I’ve just finished at the gym, another 7.3 miles today. Very happy with that. While on my cool down I was checking twitter and saw an article published by Mens Health UK titled ‘Too Old for Fatherhood?’ The article summary “With career, financial and social pressures mounting up, an increasing number of men are putting off having children, but are they leaving it too late?” intrigued me and so I read on.
You can find the full article here - https://www.menshealth.com/uk/fitness/lifestyle/a40311398/too-old-for-fatherhood/
There were three key points in the article I noted:
The average age of a first time father in the UK is now 33.6 years old (from ONS)
The range of medical difficulties that can happen more frequently after the age of 40.
The increasing financial pressures and difficulties individuals, those in relationships and families currently face.
An interesting and informative article for sure. It built on things I believed, rather than knew. My approach to this blog post, is less focused on the above article and more prompted by it.
When I was younger I had a desire to have a family, to have a wife and one or two children, to live in a house with 3 windows and a door at the front of the house, with a garden and white or brown fence (depending on pens and imagination available). You may have seen something similar in a 5 year olds work of art. That’s what I wanted.
After my first marriage ended and my initial experience with depression and self harm ideation that changed. I couldn’t see months into the future. Planning or my expectation of things changed. Essentially I no longer expected anything.
Every extra day was one not necessarily planned for. The idea of a ‘future’ seemed ludicrous, unachievable and another failure just yet to come.
At that time, and for a long while, the thought of having a family seemed both unlikely and undesirable.
Then two things happened. Time kept going, I continued therapy and living. And I met Laura.
Over time I continued to recover (a journey I am still on) and our relationship grew. I began to see a future. Not the same one, but a new beautifully imperfect one that acknowledged and made space for our lived experiences and attempts to grow.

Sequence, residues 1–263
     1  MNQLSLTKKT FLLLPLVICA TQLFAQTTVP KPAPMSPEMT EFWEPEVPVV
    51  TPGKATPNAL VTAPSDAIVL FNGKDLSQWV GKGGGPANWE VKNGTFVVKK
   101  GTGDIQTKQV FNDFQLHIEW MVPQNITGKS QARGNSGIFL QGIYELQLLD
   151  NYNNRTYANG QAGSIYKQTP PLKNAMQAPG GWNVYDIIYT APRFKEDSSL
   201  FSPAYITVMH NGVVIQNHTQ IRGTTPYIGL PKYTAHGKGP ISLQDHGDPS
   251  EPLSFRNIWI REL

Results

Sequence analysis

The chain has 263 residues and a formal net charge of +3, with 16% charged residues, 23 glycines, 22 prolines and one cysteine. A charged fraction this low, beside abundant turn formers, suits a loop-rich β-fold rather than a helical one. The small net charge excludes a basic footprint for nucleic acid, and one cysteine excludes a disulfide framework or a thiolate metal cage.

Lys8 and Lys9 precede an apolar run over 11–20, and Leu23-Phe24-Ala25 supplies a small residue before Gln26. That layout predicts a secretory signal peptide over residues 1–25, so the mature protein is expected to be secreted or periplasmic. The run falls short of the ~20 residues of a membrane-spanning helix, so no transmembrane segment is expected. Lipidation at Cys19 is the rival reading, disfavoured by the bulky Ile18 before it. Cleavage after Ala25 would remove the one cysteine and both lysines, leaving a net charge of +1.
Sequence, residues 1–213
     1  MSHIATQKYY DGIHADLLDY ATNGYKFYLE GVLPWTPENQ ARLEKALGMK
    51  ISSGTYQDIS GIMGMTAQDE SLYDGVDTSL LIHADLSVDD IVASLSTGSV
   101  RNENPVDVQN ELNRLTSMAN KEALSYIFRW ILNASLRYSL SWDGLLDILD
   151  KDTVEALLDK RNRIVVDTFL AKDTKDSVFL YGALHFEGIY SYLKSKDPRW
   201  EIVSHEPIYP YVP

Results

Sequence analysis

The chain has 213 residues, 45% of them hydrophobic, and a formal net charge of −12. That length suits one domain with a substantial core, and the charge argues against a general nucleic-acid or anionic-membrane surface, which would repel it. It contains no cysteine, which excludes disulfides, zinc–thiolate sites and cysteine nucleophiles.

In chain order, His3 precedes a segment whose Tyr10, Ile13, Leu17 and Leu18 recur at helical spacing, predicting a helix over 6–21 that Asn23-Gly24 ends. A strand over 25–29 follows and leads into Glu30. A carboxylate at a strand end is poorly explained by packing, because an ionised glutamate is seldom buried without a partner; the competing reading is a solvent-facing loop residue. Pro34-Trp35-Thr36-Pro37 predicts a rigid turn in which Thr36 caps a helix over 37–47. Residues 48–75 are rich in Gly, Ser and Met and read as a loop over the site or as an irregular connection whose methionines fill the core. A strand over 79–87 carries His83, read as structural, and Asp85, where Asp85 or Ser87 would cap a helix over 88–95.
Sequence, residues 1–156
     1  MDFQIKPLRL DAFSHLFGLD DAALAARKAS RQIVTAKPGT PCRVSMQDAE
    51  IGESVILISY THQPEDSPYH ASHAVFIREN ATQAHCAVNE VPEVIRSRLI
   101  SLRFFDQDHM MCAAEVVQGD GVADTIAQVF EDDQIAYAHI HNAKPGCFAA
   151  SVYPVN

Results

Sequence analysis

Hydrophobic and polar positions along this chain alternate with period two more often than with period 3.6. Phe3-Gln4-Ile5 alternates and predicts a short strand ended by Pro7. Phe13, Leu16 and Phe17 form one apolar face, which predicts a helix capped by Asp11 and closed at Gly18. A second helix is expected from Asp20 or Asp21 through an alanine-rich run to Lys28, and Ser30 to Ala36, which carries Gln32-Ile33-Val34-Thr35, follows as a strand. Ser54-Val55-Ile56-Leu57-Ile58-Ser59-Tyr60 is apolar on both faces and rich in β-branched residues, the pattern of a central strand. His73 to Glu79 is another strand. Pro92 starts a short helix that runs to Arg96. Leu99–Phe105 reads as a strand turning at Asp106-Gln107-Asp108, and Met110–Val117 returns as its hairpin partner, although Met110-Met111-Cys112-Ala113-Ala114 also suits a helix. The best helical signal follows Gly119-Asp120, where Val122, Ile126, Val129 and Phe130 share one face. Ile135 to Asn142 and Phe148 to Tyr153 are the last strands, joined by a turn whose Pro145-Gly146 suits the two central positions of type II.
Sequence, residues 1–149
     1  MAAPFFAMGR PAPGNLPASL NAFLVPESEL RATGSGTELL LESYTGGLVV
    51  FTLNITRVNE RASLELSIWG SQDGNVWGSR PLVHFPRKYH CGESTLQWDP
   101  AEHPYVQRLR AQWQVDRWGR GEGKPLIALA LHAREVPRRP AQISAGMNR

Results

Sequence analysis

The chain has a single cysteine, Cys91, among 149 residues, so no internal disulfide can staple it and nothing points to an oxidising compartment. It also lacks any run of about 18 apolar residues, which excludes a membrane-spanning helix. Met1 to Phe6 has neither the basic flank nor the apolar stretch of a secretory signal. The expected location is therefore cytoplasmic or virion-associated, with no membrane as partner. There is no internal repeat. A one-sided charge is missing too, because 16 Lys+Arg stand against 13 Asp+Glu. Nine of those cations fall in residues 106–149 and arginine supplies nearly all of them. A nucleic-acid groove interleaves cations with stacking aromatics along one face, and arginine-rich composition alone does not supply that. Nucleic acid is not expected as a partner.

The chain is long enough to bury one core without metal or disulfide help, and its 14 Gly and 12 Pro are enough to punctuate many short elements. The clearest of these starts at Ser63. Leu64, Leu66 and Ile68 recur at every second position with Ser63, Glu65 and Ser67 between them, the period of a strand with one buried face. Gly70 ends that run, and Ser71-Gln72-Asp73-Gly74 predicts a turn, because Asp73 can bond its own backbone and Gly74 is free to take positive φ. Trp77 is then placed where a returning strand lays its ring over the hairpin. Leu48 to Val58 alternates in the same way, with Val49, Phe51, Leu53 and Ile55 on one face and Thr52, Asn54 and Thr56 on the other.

We have during our relationship had conversations about what we would both like to do in the future and what our concerns may be. Mine still involve the worry my depression could worsen and the impact that could have on any family unit. It still feels such a huge change from a day to day survival mindset; even if I do feel less connection to that now, it still feels ever present.
Conversations are definitely something that help. But. My inability to open up and trust makes ‘real’ conversations like this very hard to have. I think other than Laura I have spoken to maybe 2-3 friends about some of these thoughts and what our future could look like. It’s tricky.
That lack of trust also means I feel a very strong need to be able to manage alone (myself and Laura) mentally and financially. I do not want to be reliant on anyone else for support; now or if we have a child. That’s a very difficult situation to accommodate on a moderate income and with the life experiences we’ve had. All the more reason to wait, grow a career and continue that wellbeing journey right?
We are both also very aware there are no guarantees. We both know people that have struggled to have children. I’ve had a few conversations on the podcast, that have been with people who have experienced multiple miscarriages and or are unable to have children. So you never know and it shouldn’t be an expectation.
Additionally, I know plenty of people who have no desire to have children. Right now, as weird as it still feels to say, we are happy. We are happy with our relationship and how things are. Yes, there’s difficulties and aspects of our lives we struggle with or are working on. But, in general, we are happy.
It is with that personal background I read the article today. While there’s similarity with the wanting to have the right job, finances and home, I have been more focused on fighting to have stable mental health and re-learning how to love. That’s taken time. Something I think not everyone can understand.
The average age of a first time dad increasing to 33.6 I think may be in part because as a society we also have so many pressures now. Something that feels as though it has gradually increased over the last 10 or so years. I now find myself at the age of 35, 36 next month, and getting closer to that 40 mark. This Fathers Day has involved some reflection on wether one day I would like to be a Father and wether we would like to extend our family of two. Or maybe actually we like things as they are.
This is a massive life decision and potential change, wether we decide to try for children or not, wether we can have children or not. There’s no expectations.
Everyones experience of Father's Day and any potential journey to parenthood is different, including those that do not lead to parenthood.
Lots to reflect on.
For now I hope you are well and looking after yourselves this Sunday.
Fathers Day can be a difficult or thought-filled day for many different reasons. If you are expecting thoughts or difficulties this week please consider checking the below links.
Parenting with mental health illnesses - https://www.mind.org.uk/information-support/tips-for-everyday-living/parenting-with-a-mental-health-problem/parenting-and-mental-health/
Parental mental health problems - https://learning.nspcc.org.uk/children-and-families-at-risk/parental-mental-health-problems
What you might feel after losing a parent - https://www.cruse.org.uk/understanding-grief/grief-experiences/losing-a-parent/